In 2014, Radiohead is still a hard band to criticize. Though their recent output has been moody, atmospheric, and for many, takes some patience and investment to enjoy, most wouldn’t argue against their creativity and refusal to color within the lines. Regardless of whether or not you like it, it is easy to respect.
This can often feel like the exact opposite aim of radio-aspiring pop artists, who want to, er, need to hook you on first listen, knowing they might not even get a second chorus to make their impression upon you. How Radiohead ascended in this kind of music world is explained by their early albums, which were of the first-listen, play-100-times-over-and-over-again accessible variety that never goes out of style. The journey to here has been gradual, and people have gone along willingly for the ride.
Now, who knows if Warpaint will one day ascend to Radiohead-status, and the music doesn’t exactly sound like music Radiohead has made, but it does sound like music that Radiohead could be making, at present-day, with all that they’ve done before them informing them. This could be a huge compliment or a disclaimer depending on what you like. But both groups are similar in their unwillingness to make music that compromises with what people would expect, or even prefer. The deep groove of the rhythm section on openers “Intro” and “Keep It Healthy” can go as far as to evoke a dancing Thom Yorke image in the mind if you close your eyes really tight.
Of course, Warpaint may have the years together to have built a significant fanbase—having formed nearly 10 years prior—but with just a single previous LP and EP, Warpaint do not have the Radiohead progression to keep people on board. They never had a Bends or OK Computer or “Creep” to hook us. But, as some of this trail has been blazed to this point, they do have many potential listeners who appreciate cerebral and evocative tunes, or those who simply don’t require the instantly affecting or repeatable. Asking for effort on the part of the audience, in an era where some demand music to hold them down against their will, is a risk, but Warpaint is the better for it.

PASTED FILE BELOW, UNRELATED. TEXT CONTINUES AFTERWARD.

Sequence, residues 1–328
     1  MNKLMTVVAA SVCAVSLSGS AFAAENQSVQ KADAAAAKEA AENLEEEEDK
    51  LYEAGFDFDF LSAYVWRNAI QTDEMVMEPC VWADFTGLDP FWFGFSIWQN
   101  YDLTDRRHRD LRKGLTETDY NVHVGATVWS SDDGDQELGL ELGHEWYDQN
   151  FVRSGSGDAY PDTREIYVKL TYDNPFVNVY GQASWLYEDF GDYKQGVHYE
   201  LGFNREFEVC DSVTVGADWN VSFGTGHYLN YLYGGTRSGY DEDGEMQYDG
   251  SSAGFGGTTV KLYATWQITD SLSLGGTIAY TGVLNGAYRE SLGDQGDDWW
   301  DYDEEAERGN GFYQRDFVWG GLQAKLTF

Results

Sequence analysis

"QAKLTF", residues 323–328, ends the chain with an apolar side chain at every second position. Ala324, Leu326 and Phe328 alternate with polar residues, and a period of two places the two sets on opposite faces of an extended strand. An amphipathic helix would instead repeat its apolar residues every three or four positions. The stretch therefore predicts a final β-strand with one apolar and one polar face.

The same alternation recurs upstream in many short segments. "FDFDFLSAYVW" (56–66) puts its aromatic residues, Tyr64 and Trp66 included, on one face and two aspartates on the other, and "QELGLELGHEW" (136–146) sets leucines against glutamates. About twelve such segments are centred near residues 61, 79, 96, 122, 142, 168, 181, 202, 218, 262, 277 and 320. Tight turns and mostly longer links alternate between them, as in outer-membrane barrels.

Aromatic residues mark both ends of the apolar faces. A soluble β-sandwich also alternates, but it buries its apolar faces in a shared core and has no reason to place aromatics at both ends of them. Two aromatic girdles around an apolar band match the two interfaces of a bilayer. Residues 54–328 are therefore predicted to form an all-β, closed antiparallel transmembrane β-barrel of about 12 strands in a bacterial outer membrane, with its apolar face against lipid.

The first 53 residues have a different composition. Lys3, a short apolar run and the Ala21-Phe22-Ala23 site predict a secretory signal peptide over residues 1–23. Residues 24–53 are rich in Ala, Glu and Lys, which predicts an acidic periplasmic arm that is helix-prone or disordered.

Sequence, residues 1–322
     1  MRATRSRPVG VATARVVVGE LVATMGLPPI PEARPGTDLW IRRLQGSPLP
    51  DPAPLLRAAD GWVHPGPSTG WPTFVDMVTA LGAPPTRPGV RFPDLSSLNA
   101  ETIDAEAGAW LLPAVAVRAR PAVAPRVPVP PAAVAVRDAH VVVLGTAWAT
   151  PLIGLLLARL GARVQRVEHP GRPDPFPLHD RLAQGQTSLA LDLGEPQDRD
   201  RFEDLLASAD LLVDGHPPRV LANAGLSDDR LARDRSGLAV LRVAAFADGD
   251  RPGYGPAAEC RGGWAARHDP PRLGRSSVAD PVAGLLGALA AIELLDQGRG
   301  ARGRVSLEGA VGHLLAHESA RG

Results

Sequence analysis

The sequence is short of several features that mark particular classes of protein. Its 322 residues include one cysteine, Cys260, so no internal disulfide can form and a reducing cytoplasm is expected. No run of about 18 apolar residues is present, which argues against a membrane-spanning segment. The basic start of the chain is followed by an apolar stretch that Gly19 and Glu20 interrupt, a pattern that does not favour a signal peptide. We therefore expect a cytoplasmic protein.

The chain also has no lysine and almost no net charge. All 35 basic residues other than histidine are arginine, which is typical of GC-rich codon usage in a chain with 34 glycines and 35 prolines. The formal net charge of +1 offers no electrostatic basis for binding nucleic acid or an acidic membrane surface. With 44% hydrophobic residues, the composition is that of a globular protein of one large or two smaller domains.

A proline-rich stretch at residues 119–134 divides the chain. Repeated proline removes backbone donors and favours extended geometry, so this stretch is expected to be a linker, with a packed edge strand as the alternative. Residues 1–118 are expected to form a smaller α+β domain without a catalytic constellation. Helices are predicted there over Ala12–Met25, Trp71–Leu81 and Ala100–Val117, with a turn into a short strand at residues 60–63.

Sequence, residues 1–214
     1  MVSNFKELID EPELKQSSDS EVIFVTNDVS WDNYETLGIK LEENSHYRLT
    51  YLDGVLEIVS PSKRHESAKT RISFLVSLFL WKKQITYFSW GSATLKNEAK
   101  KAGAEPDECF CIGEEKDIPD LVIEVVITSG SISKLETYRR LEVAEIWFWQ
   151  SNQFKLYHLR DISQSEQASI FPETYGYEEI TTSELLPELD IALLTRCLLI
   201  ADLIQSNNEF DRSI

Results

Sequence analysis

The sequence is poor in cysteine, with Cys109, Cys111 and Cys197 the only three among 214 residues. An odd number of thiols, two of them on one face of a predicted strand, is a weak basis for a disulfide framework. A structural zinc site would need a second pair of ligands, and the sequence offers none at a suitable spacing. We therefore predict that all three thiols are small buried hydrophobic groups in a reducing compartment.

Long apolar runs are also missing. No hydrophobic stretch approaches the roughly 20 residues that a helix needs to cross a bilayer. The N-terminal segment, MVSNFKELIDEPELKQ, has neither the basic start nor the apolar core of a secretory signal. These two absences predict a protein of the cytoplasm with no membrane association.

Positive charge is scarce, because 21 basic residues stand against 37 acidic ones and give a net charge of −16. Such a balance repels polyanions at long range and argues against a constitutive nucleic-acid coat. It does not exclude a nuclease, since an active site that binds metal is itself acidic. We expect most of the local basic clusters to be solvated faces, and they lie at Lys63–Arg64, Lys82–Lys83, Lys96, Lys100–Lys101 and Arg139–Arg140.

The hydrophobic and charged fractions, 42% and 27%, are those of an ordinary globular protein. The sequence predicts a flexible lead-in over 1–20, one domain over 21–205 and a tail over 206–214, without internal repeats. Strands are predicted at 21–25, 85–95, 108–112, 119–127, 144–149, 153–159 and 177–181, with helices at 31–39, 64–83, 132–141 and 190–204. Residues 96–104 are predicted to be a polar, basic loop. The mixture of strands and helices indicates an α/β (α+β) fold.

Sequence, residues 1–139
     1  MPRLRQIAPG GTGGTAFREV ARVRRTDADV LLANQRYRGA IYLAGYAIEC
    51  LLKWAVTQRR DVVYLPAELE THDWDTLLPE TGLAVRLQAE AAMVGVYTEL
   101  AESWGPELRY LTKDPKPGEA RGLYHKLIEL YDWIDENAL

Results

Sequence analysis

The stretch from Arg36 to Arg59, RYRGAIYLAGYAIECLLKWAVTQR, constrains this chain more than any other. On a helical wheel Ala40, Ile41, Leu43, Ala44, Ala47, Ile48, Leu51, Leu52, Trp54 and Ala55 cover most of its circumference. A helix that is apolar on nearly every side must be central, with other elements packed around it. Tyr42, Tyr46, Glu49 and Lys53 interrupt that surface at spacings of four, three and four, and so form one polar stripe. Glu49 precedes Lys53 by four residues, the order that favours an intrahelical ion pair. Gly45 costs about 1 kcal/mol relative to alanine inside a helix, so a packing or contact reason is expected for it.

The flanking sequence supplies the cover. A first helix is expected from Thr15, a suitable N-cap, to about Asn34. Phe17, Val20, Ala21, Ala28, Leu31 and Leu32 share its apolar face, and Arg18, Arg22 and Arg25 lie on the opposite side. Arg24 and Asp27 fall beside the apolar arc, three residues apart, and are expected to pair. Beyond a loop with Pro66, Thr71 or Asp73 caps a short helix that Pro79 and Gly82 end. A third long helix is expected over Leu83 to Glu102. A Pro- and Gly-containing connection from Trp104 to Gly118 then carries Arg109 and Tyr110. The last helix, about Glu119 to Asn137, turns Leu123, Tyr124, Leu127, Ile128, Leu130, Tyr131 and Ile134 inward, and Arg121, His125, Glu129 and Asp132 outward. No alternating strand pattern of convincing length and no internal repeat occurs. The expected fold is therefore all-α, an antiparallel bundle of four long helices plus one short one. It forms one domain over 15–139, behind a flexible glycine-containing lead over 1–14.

Lyrically, Warpaint seems to have similar issues on its collective mind, with the past, relationships and the interplay between tranquility and turmoil found consistently in both full-lengths. The band offers little help illuminating their intentions outside of the words and the often haunting, emotionally-driven sonics, which remain mostly cloaked, giving only the passing glimpse of their glimmering eyes or half-smile or some other singular divulgence.
The band has described their music as four distinct personalities going to battle, and they pushed the issue by secluding themselves in Joshua Tree for three weeks to make the majority of the album. Strangely, the fallout is harmonious. The most combative track, “Disco//Very” also sees the girls singing as group, and despite the violent imagery of a “battle” and “tear[ing] you in two,” the women, working in unison, don’t feel like they’re fighting each other, but rather teaming to fight anyone else. On “CC,” again the band seems to be working as one despite the multitude of voices, all now left fiending for an abstract relief, be it human or chemical. If there is something to get out of Warpaint as a whole, it is that there is strength in numbers, that these four are better off together than they are apart.
If this all sounds vague and abstract, that’s pretty much what we are dealing with. Warpaint is an album for feeling more than contemplating, music for the moment of experience. This could be seen as a weakness, but why? Its effect is much tougher to replicate than pop structures, and by slipping into the subconscious when your guard is down, the music can rest dormant, waiting for a trigger to make its presence known. It’s hard to say if listeners in 2014 will give it the attention it needs to cast that spell. But as an experience, Warpaint have crafted an album that is ultimately rewarding and full of promise, with the listener excited to see Warpaint push their vision further, believing that the road is worth the effort.